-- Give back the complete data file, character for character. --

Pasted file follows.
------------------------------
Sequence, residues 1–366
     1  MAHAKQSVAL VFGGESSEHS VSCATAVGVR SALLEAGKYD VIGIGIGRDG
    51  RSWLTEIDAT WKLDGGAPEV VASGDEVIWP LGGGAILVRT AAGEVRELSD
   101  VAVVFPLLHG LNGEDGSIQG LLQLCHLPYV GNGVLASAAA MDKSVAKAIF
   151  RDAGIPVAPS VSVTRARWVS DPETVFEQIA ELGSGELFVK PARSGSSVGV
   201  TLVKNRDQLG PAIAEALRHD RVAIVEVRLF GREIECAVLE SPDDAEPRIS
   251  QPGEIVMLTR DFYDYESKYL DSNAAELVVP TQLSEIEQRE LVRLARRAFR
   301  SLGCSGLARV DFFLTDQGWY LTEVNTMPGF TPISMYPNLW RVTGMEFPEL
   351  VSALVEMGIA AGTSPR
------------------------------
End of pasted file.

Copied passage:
Sequence, residues 1–366
     1  MAHAKQSVAL VFGGESSEHS VSCATAVGVR SALLEAGKYD VIGIGIGRDG
    51  RSWLTEIDAT WKLDGGAPEV VASGDEVIWP LGGGAILVRT AAGEVRELSD
   101  VAVVFPLLHG LNGEDGSIQG LLQLCHLPYV GNGVLASAAA MDKSVAKAIF
   151  RDAGIPVAPS VSVTRARWVS DPETVFEQIA ELGSGELFVK PARSGSSVGV
   201  TLVKNRDQLG PAIAEALRHD RVAIVEVRLF GREIECAVLE SPDDAEPRIS
   251  QPGEIVMLTR DFYDYESKYL DSNAAELVVP TQLSEIEQRE LVRLARRAFR
   301  SLGCSGLARV DFFLTDQGWY LTEVNTMPGF TPISMYPNLW RVTGMEFPEL
   351  VSALVEMGIA AGTSPR